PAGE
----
The RazorFolderHostContainer can be used to point to a folder on disk and treat it like a virtual directory for rendering templates from disk. Templates are loaded based on a virtual path (~/page.cshtml and ~/sub/page.cshtml) relative to the base folder, and support usage for subpages via @RenderPartial() and layout pages via the Layout property. The template loading behavior is similar to ASP.NET MVC's path based View handling.

To run folder host templates:

var host = new RazorFolderHostContainer();

// must specify the base path ('Virtual' root path) for templates
host.TemplatePath = Path.GetFullPath("..\\..\\FileTemplates\\");

// point at the folder where dependent assemblies can be found
// this applies only to separate AppDomain hosting
host.BaseBinaryFolder = Environment.CurrentDirectory;

// add model assembly - ie. this assembly
host.AddAssemblyFromType(typeof(Person));

host.UseAppDomain = true;
//host.Configuration.CompileToMemory = true;
//host.Configuration.TempAssemblyPath = Environment.CurrentDirectory;

// Always must start the host
host.Start();

// create a model to pass
Person person = new Person()
{
	Name = "Rick",
	Company = "West Wind",
	Entered = DateTime.Now,
	Address = new Address()
	{
		Street = "32 Kaiea",
		City = "Paia"
	}
};

// render a template and pass the model
string result = host.RenderTemplate("~/HelloWorld.cshtml", person);

Console.WriteLine(result);
Console.WriteLine("---");
Console.WriteLine(host.Engine.LastGeneratedCode);

host.Stop();

if (result == null)
	Assert.Fail(host.ErrorMessage);

Assert.IsTrue(result.Contains("West Wind"));

where the template might look like this:

@inherits RazorTemplateFolderHost<RazorHostingTests.Person>
<!DOCTYPE html>
<html>
<head>
	<meta charset="utf-8" />
	<title></title>
</head>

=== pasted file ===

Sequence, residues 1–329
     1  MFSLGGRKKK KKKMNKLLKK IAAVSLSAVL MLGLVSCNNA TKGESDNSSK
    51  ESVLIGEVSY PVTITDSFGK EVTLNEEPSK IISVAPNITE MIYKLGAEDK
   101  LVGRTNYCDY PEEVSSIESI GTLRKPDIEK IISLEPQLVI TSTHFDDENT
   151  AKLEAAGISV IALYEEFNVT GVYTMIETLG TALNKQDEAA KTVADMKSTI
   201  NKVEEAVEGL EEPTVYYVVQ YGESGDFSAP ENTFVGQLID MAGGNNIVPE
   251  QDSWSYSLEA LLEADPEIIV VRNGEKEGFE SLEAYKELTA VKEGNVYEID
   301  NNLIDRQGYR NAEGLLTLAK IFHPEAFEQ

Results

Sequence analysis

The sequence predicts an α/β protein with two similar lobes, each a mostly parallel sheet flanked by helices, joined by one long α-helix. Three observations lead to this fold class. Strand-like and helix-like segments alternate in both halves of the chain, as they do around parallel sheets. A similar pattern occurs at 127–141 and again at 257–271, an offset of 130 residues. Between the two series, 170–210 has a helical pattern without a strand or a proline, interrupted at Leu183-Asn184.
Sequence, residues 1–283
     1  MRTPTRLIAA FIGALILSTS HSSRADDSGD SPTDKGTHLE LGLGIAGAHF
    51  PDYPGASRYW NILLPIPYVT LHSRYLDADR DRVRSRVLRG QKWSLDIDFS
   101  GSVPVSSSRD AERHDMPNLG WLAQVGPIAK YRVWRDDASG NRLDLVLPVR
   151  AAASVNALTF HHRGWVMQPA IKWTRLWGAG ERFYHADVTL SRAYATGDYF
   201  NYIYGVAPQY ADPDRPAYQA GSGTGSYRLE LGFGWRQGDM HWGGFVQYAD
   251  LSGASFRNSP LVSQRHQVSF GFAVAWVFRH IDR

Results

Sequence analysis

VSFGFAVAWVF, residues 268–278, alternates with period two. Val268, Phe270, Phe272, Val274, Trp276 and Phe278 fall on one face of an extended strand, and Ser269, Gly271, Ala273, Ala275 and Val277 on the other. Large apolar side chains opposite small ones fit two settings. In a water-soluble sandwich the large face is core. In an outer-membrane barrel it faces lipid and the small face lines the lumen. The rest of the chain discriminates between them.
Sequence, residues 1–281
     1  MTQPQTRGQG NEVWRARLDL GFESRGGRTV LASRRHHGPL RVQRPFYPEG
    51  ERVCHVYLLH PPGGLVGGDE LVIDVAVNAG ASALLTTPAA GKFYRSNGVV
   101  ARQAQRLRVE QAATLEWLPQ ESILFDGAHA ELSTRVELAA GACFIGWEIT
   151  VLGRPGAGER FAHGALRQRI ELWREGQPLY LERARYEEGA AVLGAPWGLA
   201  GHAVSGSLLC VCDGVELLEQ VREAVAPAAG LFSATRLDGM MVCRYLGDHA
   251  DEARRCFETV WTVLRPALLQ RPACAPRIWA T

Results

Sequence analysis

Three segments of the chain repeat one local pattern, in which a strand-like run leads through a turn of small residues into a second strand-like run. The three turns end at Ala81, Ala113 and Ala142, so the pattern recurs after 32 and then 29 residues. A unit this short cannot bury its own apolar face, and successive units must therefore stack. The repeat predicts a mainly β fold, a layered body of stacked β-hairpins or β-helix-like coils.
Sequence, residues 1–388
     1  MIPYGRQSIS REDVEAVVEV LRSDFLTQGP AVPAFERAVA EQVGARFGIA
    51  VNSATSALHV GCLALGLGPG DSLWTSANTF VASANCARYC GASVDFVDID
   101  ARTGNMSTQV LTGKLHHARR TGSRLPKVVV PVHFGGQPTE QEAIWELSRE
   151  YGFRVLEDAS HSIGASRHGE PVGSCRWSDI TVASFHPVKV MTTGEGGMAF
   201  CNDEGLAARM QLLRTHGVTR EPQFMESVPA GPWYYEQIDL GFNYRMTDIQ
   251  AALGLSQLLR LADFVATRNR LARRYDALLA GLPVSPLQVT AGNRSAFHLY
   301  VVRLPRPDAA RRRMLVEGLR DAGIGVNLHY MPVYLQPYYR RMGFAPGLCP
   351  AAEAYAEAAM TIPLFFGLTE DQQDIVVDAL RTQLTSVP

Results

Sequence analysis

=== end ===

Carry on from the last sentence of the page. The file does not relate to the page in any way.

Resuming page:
<body>    
    @RenderPartial("~/Header_Partial.cshtml",Model)

	@Model.Name @Model.Company @Model.Address.City @Model.Entered 
    
	@{for (int i = 0; i < 10; i++)
		{
			Response.WriteLine(i + ".");
		}  

	You can also render nested templates from string
	@RenderTemplate("Child Template rendered from String. Name: @Model.Name",Model) 
</body>
</html>

Rendering Layout Pages

You can also use Layout pages with the RazorFolderHostContainer by specifying the Layout property in your view/template. Layout pages are like master pages that render around a content page and can be reused to provide a common shell. Layout pages in turn can also contain template tags and call out to Partial pages.

To specify a Layout page, set the Layout property in your code.

@inherits Westwind.RazorHosting.RazorTemplateFolderHost<RazorHostingTests.Person>
@{
    Layout = "~/_Layout.cshtml"
}
<h3>Hello @Model.Firstname</h3>
<p>
this is my page content rendered at @DateTime.Now.
</p>

The View Page then:

@inherits Westwind.RazorHosting.RazorTemplateFolderHost<RazorHostingTests.Person>

<h1>Layout Page Header</h1>
<hr />

@RenderBody()

<hr/>
&copy; West Wind Technologies, 2010-@DateTime.Now.Year

Note that you should use the same model your are passing to the content page as a parameter in the layout page - if you plan on accessing model content.

Html Helpers

You can also use HTML Helpers in your Razor views:

@helper WriteBlockText(string text)
{
    <b>*** @text ***</b>
}

Helper output: @WriteBlockText("Help me!");

Running in a separate AppDomain with UseAppDomain

Note that you can choose to host the container in a separate AppDomain by using:

host.UseAppDomain = true;

If you do, make sure any models passed into the host for rendering are marked [Serializable] or inherit from MarshalByRefObject. Due to these limitations you have to ensure that all parameters and dependent members can be serialized when passing parameters from your application to the RazorEngine via AppDomains.

Using an AppDomain is useful when loading lots of templates and allows for unloading the engine to reduce memory usage. It also helps isolate template code from the rest of your application for security purposes, since Razor templates essentially can execute any code in the context of the host.

Caching the Host Container in a Static or Singleton

The easiest way to cache a host container is via static variable declared in a relevant location of your application.

For example you can do this:

public class AppUtils 
{
    public static RazorFolderHostContainer RazorHost { get; set; }
    ...
}

and then to use it:

RazorFolderHostContainer host;

if (AppUtils.RazorHost == null)
{
    var host = new RazorFolderHostContainer();
    // ... set up the host
    AppUtils.RazorHost = host;
}

AppUtils.RenderTemplate("~/topic.cshtml",topic);

Put it all together: Application Integration

I like to wrap all template rendering logic into an application specific static class so I cache the host container and not have to worry about loading the container.

Here's what this small class looks like:

public class AppTemplates